Monasticism in 9th-century Byzantium was centred upon the Studites, who came to be a faction against the court. A remoter and otherworldly asceticism developed with the foundation of monasteries on Mount Athos (Greece) from 963 onward. A distinctive feature of Athonite monasticism was that nothing female was to be allowed on the peninsula.

The church and its history » The history of Christianity » The Photian schism and the great East–West schism » The Photian schism
The end of iconoclasm (843) left a legacy of faction. Ignatius, patriarch of Constantinople intermittently from 847 to 877, was exiled by the government in 858 and replaced by Photius, a scholarly layman who was head of the imperial chancery—he was elected patriarch and ordained within six days. Ignatius’ supporters dissuaded Pope Nicholas I (reigned 858–867) from recognizing Photius. Nicholas was angered by Byzantine missions among the Bulgars, whom he regarded as belonging to his sphere. When Nicholas wrote to the Bulgars attacking Greek practices, Photius replied by accusing the West of heretically altering the creed in saying that the Holy Spirit proceeds from the Father and from the Son (Filioque). He declared Pope Nicholas deposed (867), but his position was not strong enough for such imprudence.

A new emperor, Basil the Macedonian, reinstated Ignatius; and in 869 Nicholas’ successor, Adrian II (reigned 867–872), condemned Photius and sent legates to Constantinople to extort submission to papal supremacy from the Greeks. The Greeks resented the papal demands, and when Ignatius died in 877 Photius quietly became patriarch again. Rome (at that moment needing Byzantine military support against Muslims in Sicily and southern Italy) reluctantly agreed to recognize Photius, but on the condition of an apology and of the withdrawal of Greek missions to the Bulgars. Photius acknowledged Rome as the first see of Christendom, discreetly said nothing explicitly against the Filioque clause, and agreed to the provision that the Bulgars could be put under Roman jurisdiction providing that Greek missions were allowed to continue.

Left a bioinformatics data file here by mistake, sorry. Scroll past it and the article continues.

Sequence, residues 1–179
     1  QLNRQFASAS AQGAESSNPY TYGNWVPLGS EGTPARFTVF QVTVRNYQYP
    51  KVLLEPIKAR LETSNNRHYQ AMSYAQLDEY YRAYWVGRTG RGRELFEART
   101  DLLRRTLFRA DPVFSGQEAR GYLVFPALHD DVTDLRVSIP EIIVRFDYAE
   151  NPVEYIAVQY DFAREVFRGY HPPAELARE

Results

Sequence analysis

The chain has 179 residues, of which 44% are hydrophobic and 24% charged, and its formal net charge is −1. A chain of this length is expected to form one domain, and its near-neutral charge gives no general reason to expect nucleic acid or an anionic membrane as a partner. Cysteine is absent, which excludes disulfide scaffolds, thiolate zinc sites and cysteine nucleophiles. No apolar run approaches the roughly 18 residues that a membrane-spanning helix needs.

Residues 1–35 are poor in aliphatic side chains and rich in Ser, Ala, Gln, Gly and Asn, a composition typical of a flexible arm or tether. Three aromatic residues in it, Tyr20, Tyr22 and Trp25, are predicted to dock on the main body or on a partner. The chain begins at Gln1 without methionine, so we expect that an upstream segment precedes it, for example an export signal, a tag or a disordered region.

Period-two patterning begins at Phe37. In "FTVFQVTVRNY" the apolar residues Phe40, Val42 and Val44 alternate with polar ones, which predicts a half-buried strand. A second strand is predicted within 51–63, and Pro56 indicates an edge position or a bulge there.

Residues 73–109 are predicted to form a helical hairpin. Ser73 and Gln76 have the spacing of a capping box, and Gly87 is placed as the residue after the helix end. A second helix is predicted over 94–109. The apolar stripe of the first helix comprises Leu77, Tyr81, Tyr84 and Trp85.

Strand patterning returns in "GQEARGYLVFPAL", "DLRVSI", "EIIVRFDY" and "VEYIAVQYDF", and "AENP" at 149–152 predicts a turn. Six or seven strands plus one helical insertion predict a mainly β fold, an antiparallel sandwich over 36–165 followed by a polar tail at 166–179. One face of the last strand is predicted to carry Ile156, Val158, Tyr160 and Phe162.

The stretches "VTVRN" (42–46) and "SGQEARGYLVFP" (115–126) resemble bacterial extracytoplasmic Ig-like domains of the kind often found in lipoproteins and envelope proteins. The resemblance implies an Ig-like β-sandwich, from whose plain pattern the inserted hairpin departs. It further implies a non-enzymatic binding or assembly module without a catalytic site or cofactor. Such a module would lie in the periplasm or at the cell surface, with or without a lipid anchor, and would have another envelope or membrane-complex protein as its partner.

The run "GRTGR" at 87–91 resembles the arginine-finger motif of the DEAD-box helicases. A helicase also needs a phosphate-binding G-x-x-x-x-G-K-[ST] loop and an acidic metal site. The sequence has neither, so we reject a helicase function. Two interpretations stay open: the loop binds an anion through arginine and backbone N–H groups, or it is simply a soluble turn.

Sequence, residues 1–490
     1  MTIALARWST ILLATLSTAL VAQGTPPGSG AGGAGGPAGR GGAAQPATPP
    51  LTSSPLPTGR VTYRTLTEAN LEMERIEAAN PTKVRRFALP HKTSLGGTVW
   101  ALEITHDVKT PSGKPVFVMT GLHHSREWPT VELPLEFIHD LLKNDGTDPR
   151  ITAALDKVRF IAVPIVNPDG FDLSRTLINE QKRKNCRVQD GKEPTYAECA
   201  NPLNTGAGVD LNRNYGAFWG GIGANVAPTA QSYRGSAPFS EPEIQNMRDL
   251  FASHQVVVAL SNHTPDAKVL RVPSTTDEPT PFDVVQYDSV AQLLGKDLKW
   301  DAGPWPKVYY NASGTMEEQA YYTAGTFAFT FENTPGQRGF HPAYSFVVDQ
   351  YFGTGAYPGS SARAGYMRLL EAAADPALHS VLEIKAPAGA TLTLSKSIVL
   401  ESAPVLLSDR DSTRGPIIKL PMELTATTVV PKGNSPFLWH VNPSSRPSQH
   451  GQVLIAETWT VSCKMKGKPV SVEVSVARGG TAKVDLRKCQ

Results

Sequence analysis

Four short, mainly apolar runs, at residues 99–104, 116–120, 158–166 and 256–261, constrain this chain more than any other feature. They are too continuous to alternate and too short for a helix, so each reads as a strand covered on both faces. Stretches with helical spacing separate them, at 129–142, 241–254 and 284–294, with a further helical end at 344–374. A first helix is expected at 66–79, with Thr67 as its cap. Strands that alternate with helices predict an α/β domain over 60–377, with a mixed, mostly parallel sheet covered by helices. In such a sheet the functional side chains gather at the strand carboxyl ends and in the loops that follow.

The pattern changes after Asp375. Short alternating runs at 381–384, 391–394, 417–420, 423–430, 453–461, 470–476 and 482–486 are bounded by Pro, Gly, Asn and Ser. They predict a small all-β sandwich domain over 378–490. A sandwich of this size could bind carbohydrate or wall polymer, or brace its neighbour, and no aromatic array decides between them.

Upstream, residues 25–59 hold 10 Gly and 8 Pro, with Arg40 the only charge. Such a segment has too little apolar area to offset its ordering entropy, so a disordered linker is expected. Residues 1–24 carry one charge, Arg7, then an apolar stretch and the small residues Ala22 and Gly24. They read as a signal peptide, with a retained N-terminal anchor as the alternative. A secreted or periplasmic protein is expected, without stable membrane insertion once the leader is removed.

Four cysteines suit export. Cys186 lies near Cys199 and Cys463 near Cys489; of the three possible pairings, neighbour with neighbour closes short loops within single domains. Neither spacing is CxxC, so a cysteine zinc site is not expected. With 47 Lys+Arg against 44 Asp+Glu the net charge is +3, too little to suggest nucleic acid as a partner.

The main issue in the Photian schism was whether Rome possessed monarchical power of jurisdiction over all churches (as Nicholas and Adrian held), or whether Rome was the senior of five semi-independent patriarchates (as Photius and the Greeks thought) and therefore could not canonically interfere with the internal affairs of another patriarchate.

The church and its history » The history of Christianity » The Photian schism and the great East–West schism » The great East-West schism
The mutual distrust shown in the time of Photius erupted again in the middle of the 11th century after papal enforcement of Latin customs upon Greeks in southern Italy. The patriarch of Constantinople, Michael Cerularius, closed Latin churches in Constantinople as a reprisal. Cardinal Humbert came from Italy to protest, was accorded an icy reception, and left a bull of excommunication (July 16, 1054) on the altar of the great church of Hagia Sophia. The bull anathematized (condemned) Michael Cerularius, the Greek doctrine of the Holy Spirit, the marriage of Greek priests, and the Greek use of leavened bread for the Eucharist.

At the time, the breach was treated as a minor storm in which both sides had behaved with some arrogance. As Greeks and Latins became more estranged, however, people looked back on the events of 1054 as the moment of the final breach between East and West. (Not until December 7, 1965, were the mutual excommunications of 1054 abolished, by Pope Paul VI and the ecumenical patriarch Athenagoras I.)

The Very Rev. Henry Chadwick